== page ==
Listening Lesson #2: We can only listen and expect to be listened to if we provide the opportunity for a two-way dialogue.
As we became more familiar with the El Sistema community, we were swept away by the idea of a ten-hour-per-week program. “Imagine all we’ll achieve with such a rigorous program,” we marveled to ourselves. We were determined to achieve this goal. In Year Six, we expanded from a four-hour to a six-hour weekly program. Before the year began, we spoke with each family to explain our vision. We knew they would be on board once they heard our case. In these family orientations, we also asked every parent, “How can we help you?” This ended up being the most important question of all. We learned that our refugee parents were in total support of an intensive music program but had serious concerns about their children’s academic needs. We nearly fell into the trap of rattling off knee-jerk statistics—“Oh, but you know that students in music programs score 22% higher in English and 20% higher in Math standardized tests, right?”—but we stopped ourselves, and we listened.
Eh Tah Mu, mother of three BSW students, helped us understand her immense responsibilities at home. In the Karen culture, mothers are expected to be fully responsible for all household duties, including shopping, meal preparation, and childcare. Eh Tah had just received her GED (High School Equivalency Certificate) after five years of studying. She took community college classes, completing her homework while her husband worked the night shift, and—on top of all that—worked a part-time day job while her children were at school. This is a woman who moved to Buffalo ten years ago after spending her formative years in a Thai refugee camp. We asked ourselves: if this is the story of a parent who has acclimated to her American home, what about families who are newly resettled?
We finally understood how much our parents rely on teachers and afterschool programs to give their children a chance at a successful future. Most of our parents are working beyond capacity to provide basic needs for their families. The physical and emotional toll of working multiple jobs while providing for multi-generational families—layered over navigating an unfamiliar country with limited command of the English language, potentially with PTSD from their life as refugees—makes it nearly impossible for parents to provide academic support at home. Rooted by this fuller, culturally humble perspective, we set forth with newfound confidence, complementing our existing six-hour music program with four hours of weekly tutoring support.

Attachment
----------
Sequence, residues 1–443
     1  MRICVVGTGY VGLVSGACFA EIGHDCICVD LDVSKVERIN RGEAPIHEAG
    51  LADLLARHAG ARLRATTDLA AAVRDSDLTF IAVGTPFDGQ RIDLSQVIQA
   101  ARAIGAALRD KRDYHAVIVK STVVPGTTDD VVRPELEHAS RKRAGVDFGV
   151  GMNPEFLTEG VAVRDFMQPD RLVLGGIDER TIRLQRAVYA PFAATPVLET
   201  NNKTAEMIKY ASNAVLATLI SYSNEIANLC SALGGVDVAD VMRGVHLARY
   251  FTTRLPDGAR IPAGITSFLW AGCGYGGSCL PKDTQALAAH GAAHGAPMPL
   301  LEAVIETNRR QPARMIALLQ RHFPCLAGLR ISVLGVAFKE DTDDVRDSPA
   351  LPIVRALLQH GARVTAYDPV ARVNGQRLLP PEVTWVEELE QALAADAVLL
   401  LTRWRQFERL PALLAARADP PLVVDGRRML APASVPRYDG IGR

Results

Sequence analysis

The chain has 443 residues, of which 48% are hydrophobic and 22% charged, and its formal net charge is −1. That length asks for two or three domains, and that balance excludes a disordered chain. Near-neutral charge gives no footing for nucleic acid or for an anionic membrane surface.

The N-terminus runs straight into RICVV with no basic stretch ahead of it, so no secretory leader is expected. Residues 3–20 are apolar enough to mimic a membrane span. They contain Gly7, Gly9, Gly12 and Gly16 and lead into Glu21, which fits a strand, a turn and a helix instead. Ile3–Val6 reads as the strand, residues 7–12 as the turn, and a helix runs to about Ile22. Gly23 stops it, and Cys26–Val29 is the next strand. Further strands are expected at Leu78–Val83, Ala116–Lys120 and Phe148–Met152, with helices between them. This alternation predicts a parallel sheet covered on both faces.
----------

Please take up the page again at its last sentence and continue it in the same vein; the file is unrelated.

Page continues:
Listening Lesson #3: If we listen without bias and ulterior motive, our dreams will be the dreams of the community we serve.
As we mature as an organization, we continue to learn lessons. We are proud of how far we have come, but we have much more work to do, particularly in response to the Black Lives Matter movement and ensuring our work is proactively anti-racist. Leading an organization in such turbulent times continues to be daunting, but our confidence grows because we have learned the most important lesson of all: if we listen to our Buffalo String Works community of students and parents, they will be the ones to determine our value and shape our future.